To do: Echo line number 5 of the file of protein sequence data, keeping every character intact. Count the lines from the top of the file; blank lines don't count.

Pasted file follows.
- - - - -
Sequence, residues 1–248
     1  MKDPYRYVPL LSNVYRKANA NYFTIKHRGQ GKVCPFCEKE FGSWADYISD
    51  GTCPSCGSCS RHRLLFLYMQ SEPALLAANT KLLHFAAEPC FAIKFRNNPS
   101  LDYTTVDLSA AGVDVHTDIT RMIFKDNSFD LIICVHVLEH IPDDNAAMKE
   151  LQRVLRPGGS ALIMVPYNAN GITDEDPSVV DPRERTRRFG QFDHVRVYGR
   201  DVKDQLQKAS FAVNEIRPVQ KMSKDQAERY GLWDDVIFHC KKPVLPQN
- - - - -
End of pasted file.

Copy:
   151  LQRVLRPGGS ALIMVPYNAN GITDEDPSVV DPRERTRRFG QFDHVRVYGR